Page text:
Despite the easing of COVID-19 induced restrictions on public gathering, some popular eateries in the Greater Accra Region say they’re still recording low patronage.
For nearly three months, many restaurants and eateries have not operated fully as they could not host guests.
But the easing of the restrictions now permits restaurants to host clients albeit under social distancing rules.
Osu, one of Accra’s lively locations, is known for various commercial activities.
Aside from the booming trading activities and white-collar jobs in the area, there is a variety of food services including eateries, fast food joints, restaurants and chop bars.
On normal days, business is good for many of the vendors, with some of them even offering a 24 hour service.
Although they offer an essential service, they were also affected by COVID-19 induced restrictions, as they mostly had to resort to delivery and pick-up services only.
Despite the easing of the restrictions on public gathering, which allows them to host guests, the operators of these businesses say things haven’t picked up fully.
“Since February, due to the pandemic things have not been as it used to be. We came to work for some days; customers were not showing up so we had to close down sadly. We also do not make any sales. Basically about 95% of our income is gone”, Dan Afful, Manager at Pearl Chinese Restaurant in Osu lamented.
Marketing Manager of Mascow Foods Ghana, (KFC), Afua Kissi-Nyame , also explained that “even though we were an essential service and people were allowed to come in and buy food, we still felt the impact.”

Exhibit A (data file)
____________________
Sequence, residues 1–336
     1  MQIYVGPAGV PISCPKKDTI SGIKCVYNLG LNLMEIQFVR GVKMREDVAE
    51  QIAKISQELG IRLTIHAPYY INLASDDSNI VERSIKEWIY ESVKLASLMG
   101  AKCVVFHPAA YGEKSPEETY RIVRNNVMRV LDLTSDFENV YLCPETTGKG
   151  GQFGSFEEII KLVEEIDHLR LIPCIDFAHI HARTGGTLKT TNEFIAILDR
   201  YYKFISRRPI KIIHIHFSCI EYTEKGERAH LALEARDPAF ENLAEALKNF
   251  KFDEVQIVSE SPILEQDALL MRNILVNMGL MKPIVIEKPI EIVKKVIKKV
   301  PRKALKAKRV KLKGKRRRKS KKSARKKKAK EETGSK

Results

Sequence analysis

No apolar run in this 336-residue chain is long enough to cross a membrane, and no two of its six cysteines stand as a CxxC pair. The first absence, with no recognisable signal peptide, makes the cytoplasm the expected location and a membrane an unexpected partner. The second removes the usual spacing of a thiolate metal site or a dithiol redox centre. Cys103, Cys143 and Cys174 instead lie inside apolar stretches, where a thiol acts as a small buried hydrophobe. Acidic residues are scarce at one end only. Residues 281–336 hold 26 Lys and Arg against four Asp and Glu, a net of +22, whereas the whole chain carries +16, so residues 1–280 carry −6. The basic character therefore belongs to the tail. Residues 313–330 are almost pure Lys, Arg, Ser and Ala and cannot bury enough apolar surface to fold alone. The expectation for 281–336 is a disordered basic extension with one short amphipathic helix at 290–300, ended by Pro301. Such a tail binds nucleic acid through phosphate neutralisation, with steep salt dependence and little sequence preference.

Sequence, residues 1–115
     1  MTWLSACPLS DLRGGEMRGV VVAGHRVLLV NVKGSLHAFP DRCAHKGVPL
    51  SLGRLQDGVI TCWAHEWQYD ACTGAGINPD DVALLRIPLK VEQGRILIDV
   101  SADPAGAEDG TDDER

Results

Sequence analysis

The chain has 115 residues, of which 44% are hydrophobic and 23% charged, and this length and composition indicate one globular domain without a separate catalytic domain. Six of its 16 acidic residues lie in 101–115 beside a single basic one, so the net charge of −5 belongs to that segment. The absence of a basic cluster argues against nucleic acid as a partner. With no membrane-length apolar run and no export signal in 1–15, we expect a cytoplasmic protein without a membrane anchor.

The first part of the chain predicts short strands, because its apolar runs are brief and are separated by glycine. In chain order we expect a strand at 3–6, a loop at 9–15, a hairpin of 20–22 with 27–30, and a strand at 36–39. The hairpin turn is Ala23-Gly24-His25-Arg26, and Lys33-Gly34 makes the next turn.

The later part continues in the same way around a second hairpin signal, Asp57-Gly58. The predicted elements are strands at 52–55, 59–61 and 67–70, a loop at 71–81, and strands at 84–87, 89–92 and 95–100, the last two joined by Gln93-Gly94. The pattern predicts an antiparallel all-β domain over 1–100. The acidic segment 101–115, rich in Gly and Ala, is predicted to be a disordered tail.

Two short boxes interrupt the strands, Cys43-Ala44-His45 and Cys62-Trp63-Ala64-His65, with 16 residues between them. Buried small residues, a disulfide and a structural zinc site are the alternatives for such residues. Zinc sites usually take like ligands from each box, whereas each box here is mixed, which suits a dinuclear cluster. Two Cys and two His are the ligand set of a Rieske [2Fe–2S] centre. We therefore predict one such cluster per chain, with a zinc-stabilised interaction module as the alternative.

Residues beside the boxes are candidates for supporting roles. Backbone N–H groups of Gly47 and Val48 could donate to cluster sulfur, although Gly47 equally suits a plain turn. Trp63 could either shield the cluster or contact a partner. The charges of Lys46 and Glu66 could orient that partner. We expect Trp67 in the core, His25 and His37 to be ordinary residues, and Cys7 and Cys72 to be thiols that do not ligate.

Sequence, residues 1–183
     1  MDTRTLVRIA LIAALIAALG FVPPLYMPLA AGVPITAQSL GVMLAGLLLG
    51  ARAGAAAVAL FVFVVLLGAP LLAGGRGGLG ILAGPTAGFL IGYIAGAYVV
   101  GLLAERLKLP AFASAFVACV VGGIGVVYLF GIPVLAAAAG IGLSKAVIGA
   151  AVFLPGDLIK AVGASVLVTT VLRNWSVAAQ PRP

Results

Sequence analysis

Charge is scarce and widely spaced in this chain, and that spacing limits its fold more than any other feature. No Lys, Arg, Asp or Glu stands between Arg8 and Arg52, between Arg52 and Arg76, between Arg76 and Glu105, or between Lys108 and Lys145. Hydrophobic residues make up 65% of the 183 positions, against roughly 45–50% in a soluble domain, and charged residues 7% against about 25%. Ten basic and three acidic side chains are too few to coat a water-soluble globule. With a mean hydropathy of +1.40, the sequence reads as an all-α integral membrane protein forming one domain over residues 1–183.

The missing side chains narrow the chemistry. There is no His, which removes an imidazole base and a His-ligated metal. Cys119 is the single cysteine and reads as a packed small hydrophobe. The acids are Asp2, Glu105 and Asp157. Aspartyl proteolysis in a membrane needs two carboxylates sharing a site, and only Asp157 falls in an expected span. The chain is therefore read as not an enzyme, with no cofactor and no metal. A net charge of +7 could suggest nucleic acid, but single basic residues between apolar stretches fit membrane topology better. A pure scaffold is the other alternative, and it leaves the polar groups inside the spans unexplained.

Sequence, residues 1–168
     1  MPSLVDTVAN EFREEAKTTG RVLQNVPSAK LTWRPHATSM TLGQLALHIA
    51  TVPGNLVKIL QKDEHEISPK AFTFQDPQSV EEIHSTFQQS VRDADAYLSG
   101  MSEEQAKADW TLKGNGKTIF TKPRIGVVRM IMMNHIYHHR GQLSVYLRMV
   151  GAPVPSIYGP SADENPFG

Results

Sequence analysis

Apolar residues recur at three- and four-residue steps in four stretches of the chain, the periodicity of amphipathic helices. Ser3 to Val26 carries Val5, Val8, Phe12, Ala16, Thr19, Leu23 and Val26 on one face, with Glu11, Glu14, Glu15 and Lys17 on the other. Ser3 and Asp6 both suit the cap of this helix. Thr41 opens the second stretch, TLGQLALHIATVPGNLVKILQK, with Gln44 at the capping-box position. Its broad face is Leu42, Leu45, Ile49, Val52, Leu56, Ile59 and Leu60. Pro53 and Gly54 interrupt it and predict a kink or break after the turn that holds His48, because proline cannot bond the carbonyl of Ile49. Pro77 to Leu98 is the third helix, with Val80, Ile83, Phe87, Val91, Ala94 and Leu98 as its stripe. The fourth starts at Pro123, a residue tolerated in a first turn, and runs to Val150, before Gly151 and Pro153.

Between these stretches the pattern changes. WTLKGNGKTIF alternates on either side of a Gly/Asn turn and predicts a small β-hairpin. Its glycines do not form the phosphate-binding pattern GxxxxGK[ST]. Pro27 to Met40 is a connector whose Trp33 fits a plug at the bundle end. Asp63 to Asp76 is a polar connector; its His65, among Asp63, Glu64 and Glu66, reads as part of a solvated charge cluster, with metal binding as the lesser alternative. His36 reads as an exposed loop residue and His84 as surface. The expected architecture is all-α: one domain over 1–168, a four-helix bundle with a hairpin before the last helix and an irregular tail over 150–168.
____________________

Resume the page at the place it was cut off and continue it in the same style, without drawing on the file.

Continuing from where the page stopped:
Christian Akolatse, who is the CEO of Khebab King however says business is picking up slowly even though he has lost about 50% of his business to Covid-19.
“Now business is picking up gradually although hundreds used to throng my eatery, its been reduced drastically to about just 30 walk ins in a day.”
Just like other businesses, some say they have cut down employee numbers just to stay in business and avoid total collapse.
They also complained about owing food suppliers.
“Some give us the supply before we pay them , so we are in debt. But because they know the situation they are not so hard on us” Dan Afful said.
Christian, one of the operators, says he has lost nearly 50 percent of his monthly sales. He told Citi Business News the delivery service helped him greatly.
He is however better off than Dan Afful of Pearl Chinese Restaurant, who says he records almost zero patronage on some days.
Dan was hoping for a turnaround when he introduced delivery services to his customers, but says there hasn’t been a significant boost in sales.
With many businesses in full operation in the national capital, Accra, it is expected that more people will pick up their food orders by themselves or eat in the restaurants, rather than rely on delivery services.
This has automatically reduced the profit margins for some courier service providers. But the CEO of SO Courier and Logistics Company, Stacy Owusua Opare, says business is still thriving.
“If there will be a difference it will be very minimal because people still prefer our services than to go out themselves” she said.
Some operators however insist they will continue to offer the take out services to protect all their clients from Covid 19.